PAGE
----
Business Council for Democracy (#BC4D)

The Business Council for Democracy gives the private sector a role in building resilience and protecting democracy

Liberal democracy is under pressure. Strengthening it and making it more resilient is a task for all parts of society, including businesses. For many entrepreneurs and managers, this is an important matter.

The Business Council for Democracy (BC4D) – a joint initiative of the non-profit Hertie Stiftung, the Robert Bosch Stiftung and the Institute for Strategic Dialogue in Germany – is an innovative opportunity for adults, who so far only rarely receive the chance to take courses on digital civic culture. Here, employees can learn more about the spread of hate speech, targeted disinformation and conspiracy theories and discover what they can do to counter such harms and how they can protect others around them.

As a new alliance for the protection of democracy in the digital age, BC4D tests and develops courses that provide team members with the essential knowledge and skills to recognize digital harms. The aim is to strengthen personal responsibility and resilience against polarizing and radicalizing content. The courses are voluntary and open for all, regardless of their age or level of professional training.

Why do we need the BC4D?
The Covid-19 pandemic has highlighted the ongoing trend of social polarization increasing in Germany. The internet has become even more important for everyday life, but the knowledge and skills necessary for a healthy online debate culture and confident handling of information are often lacking. At the same time, we are seeing an exponential increase in hateful, polarizing and violent content.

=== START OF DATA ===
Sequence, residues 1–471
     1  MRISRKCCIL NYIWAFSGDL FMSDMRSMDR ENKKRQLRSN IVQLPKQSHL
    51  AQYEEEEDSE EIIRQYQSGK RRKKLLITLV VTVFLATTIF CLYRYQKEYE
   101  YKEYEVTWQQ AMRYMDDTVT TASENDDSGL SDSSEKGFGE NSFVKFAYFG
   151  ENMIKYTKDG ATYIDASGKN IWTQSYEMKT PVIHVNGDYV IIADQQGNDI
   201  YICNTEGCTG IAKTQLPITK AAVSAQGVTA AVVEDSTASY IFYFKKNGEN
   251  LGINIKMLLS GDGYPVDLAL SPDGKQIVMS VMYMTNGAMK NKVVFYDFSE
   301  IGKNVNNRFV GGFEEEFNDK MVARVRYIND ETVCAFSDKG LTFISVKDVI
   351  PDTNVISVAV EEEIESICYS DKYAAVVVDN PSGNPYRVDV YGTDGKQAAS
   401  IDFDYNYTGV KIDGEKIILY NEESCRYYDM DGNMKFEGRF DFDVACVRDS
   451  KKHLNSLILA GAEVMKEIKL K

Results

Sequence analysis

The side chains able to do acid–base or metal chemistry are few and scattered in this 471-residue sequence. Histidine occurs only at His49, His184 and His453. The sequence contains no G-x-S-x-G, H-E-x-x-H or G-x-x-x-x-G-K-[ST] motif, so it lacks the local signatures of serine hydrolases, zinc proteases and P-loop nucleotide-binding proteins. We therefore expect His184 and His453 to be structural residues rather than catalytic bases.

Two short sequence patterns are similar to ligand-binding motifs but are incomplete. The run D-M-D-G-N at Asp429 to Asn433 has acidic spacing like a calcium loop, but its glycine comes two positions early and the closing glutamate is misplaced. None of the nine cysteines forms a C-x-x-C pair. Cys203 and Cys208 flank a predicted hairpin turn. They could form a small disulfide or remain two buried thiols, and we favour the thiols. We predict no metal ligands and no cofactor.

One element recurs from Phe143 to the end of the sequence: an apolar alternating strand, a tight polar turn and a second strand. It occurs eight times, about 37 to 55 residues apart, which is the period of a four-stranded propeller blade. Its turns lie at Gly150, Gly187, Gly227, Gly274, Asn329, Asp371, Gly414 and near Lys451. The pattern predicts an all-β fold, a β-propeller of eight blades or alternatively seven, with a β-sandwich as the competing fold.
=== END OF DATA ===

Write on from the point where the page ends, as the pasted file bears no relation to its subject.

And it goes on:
Until now, the majority of existing training programs have only reached younger people. BC4D’s training courses are therefore deliberately situated at the workplace and thus in a setting where social interaction is practiced by adults of all ages. Many employers also enjoy great credibility with their employees. For them to act as representatives of a vital and fair democratic culture is one of BC4D’s goals.

As a new alliance for the protection of democracy, BC4D offers companies and other employers, as well as trade unions and business associations a great opportunity. It has the support of the Confederation of German Employers’ Associations (Bundesvereinigung der Deutschen Arbeitgeberverbände e.V, BDA). After all, basic democratic values, social cohesion and political culture should also be part of work culture.

Through this initiative, BC4D looks to strengthen liberal democracy at a time when hate and false news are becoming increasingly normalized and are being spread both online and offline.

What do we want to achieve?
The conditions under which democracy takes place have changed significantly in the digital age. BC4D aims to empower people with the knowledge and skills of digital civic culture that are relevant for this. The project connects civil society, businesses, and citizens so that they can jointly contribute to maintaining social cohesion in the digital age.

In BC4D courses, employees from different companies can learn and practice how to recognize and challenge hate speech, disinformation and conspiracy theories. As a result, participants gain a deeper understanding of the role the internet plays in regard to the social polarization of democratic societies. Among other things, they are provided with strategies to show courage online, so that the internet can continue to function as an important space for necessary debates and to ensure that diversity, tolerance and respect are maintained.

How does the BC4D work?